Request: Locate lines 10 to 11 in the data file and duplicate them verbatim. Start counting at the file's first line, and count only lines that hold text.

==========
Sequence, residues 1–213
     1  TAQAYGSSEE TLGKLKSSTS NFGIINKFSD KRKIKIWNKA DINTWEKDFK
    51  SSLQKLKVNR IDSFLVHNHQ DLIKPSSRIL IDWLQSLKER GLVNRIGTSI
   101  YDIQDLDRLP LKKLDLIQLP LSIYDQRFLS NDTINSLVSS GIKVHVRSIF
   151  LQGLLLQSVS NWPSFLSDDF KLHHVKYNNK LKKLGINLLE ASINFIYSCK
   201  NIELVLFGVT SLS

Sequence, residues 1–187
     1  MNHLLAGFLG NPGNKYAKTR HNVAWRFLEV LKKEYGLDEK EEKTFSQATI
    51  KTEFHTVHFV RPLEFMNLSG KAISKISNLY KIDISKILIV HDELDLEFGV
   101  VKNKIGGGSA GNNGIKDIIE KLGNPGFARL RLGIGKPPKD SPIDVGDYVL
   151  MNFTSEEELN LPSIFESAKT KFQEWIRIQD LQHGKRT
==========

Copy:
   101  VKNKIGGGSA GNNGIKDIIE KLGNPGFARL RLGIGKPPKD SPIDVGDYVL
   151  MNFTSEEELN LPSIFESAKT KFQEWIRIQD LQHGKRT